Taking Listeners on a Journey: Tall Black Guy and The Art of Musical Appreciation
During a recent Cipher Show interview where he discussed the modern music fan’s inability to sit with one album for an extended time, Grammy award-winning producer 88-Keys said, “We live in a playlist society.”
This may be true, but Terrel Wallace AKA Tall Black Guy is rejecting this societal norm by creating and listening to music at his own pace. “It’s easy to collect a lot of records, but when you actually know all of your stuff from front to back it gives you an advantage,” he says. “You can do so many different things with it.”
Though many people believe sample-based producers need an endless supply of vinyl to fuel their creative process, Tall Black Guy sees his record collection through a lens of quality over quantity. “I don’t even really collect a lot of records,” he explains. “I go back and listen to all the stuff I already had anyway. Nine times out of ten I’m gonna hear it a little differently.”
This willingness to engage in the dedicated study of music has helped shape Tall Black Guy’s signature sound. Residing in the UK by way of Detroit, he has wowed fans for years with his keen sample flipping abilities.
“I listen to the small subtleties in tracks and ask, ‘How did they create that effect?’ Then I’ll try to emulate it myself.”
His instrumental project Tall Black Guy vs. Michael Jackson demonstrates a flair for the unique and could serve as a case study for how to turn well-known samples into something beautiful and unrecognizable. Even the most dedicated MJ fans would need repeated listens to understand how he turned “Billie Jean” into something that sounds like a lost Slum Village track or how he flipped “Beat It” into an ominous, neck-snapping hype anthem. Tall Black Guy may have started out with a smaller, niche audience, but beats like the aforementioned ones have grown his fan base in both size and notable listeners — now boasting music heavyweights like Giles Peterson, Jazzy Jeff, and Questlove.
Despite his growing notoriety and impressive resume, Tall Black Guy keeps a very workmanlike approach towards his music. When asked about his daily routine, he prefers the idea of daily practice and learning to a specific regiment. “Something will be happening with music every day,” he tells me. “Whether it be research, watching interviews on YouTube, or reading material and books. It might not even be making no music, it might just be learning about different aspects.”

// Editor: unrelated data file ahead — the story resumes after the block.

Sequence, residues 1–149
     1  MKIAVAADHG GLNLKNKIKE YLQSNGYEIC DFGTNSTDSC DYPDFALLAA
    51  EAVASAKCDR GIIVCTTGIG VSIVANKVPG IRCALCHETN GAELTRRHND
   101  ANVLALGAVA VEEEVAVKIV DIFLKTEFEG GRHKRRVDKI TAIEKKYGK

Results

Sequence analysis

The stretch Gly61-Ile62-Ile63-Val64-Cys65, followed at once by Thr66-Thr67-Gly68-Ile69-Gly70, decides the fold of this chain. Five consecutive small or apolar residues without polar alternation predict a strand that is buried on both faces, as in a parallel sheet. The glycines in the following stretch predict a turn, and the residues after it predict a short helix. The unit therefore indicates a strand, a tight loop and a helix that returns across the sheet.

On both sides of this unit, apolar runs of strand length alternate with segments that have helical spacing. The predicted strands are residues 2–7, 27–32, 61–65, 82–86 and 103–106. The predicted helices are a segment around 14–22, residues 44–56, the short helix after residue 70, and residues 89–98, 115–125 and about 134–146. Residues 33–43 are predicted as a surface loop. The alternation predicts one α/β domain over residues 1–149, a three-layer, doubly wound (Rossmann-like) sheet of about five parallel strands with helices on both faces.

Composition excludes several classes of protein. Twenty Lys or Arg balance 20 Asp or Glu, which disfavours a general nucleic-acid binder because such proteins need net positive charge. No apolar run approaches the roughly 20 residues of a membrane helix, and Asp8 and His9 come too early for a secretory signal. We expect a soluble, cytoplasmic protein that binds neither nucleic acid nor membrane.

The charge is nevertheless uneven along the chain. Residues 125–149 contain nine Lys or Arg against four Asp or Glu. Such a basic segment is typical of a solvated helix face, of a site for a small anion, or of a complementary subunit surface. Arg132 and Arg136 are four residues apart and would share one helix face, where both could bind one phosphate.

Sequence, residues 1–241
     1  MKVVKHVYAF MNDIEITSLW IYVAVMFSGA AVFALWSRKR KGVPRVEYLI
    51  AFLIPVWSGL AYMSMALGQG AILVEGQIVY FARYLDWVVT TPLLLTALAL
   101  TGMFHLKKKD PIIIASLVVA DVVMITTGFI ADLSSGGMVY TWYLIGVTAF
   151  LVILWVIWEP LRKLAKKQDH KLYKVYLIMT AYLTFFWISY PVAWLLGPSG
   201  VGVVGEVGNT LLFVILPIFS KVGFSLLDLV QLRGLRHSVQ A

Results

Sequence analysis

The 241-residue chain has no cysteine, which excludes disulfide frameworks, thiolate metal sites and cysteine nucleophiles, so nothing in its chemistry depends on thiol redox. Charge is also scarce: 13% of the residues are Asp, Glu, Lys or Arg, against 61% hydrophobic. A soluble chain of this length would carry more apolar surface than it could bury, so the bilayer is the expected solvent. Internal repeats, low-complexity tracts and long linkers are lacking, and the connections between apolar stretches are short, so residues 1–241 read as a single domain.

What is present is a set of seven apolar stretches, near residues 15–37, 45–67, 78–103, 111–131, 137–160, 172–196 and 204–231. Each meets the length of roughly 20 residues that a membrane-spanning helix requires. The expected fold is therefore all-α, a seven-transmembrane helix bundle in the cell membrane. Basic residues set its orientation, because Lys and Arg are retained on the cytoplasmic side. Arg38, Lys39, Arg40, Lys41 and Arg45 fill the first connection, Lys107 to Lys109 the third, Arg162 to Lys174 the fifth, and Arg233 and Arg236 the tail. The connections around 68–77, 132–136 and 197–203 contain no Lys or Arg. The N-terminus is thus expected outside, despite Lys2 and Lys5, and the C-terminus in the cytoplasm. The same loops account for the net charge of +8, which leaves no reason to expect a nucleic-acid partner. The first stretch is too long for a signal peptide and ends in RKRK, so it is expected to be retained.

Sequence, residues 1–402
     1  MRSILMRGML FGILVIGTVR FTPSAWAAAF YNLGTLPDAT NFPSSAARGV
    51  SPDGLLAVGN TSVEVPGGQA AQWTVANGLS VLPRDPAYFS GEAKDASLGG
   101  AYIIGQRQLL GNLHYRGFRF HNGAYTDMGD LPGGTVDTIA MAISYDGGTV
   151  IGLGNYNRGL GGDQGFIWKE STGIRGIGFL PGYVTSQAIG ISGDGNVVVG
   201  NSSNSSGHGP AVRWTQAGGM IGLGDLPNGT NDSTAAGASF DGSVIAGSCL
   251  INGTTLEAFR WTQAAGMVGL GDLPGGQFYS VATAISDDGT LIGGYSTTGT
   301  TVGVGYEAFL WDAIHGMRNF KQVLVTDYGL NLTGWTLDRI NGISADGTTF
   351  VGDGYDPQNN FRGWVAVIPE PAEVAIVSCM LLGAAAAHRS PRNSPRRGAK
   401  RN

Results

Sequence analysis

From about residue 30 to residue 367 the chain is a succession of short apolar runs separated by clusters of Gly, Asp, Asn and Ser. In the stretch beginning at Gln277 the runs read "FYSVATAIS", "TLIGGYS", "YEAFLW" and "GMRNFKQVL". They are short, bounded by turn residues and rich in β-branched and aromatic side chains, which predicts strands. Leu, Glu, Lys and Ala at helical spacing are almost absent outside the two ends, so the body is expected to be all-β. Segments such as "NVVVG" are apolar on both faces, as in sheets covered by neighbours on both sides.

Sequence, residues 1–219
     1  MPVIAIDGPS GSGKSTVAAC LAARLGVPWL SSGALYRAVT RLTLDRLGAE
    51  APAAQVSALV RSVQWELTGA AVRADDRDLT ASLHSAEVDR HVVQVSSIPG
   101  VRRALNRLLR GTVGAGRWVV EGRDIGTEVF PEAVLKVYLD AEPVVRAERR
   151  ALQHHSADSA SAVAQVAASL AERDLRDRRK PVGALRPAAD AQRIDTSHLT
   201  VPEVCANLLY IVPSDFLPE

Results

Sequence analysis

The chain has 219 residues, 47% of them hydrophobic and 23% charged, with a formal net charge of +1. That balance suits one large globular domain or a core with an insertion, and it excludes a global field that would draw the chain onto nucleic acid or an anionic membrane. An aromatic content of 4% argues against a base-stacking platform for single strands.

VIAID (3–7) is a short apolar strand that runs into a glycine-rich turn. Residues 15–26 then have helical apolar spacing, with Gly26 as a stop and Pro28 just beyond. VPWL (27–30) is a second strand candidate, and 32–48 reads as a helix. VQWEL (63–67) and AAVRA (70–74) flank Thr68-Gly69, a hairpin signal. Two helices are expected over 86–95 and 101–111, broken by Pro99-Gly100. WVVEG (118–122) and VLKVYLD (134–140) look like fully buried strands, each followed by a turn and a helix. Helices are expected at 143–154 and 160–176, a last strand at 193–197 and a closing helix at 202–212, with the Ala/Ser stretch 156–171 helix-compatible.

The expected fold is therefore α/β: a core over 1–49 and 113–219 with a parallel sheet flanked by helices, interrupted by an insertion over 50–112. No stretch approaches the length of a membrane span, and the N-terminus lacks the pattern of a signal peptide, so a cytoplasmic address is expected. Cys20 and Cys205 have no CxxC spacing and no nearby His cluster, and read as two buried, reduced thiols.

And again, it all comes back to the simple act of sitting with music and being a willing understudy. “I do a lot by listening,” he says. “I listen to the small subtleties in tracks and ask, ‘How did they create that effect?’ Then I’ll try to emulate it myself.”
Tall Black Guy’s same sense of appreciation and patience that informs his listening also guides his creative process and decision making towards his own projects. In a world where artists face increased pressure to release material at breakneck speeds, he resists the urge to churn out sub-par releases. “I’m not going to just put up anything,” he says. “For myself, I’d rather just put out the top-notch stuff that I create at that time. And as I get better, I’ll keep adding to that.”
“It’s easy to collect a lot of records, but when you actually know all of your stuff from front to back it gives you an advantage.”
And while he is cautious about the volume of his releases, he acknowledges that, “It’s a fine balance. You can definitely put out the upper echelon stuff, but at the same time you don’t want to wait too long. I usually try to post at least one thing every month, just to keep the people interested.”
More than merely hold our interest, Tall Black Guy hopes to “take the listener on a journey.” This is especially true of his anticipated upcoming release Let’s Take a Trip. He was cautious about giving away too many details, but he admits feeling a mixture of excitement and a need to stop tinkering with his work. “I’ve been listening to this thing non-stop for the last few months,” he says. “I’m getting to the point where I think I’m done, because if I keep adding stuff it will drive me insane.”
Fans who are familiar with Tall Black Guy’s other releases will recognize names of featured guests like Diggs Duke and Ozay More. What can they expect from the new project? “More live instrumentation, so I’m doing a lot of the playing,” he says. “I got different live instruments on there like horns and stuff like that.”
If his previous releases are any indication, Let’s Take a Trip will be an unforgettable journey for both new and long-time listeners.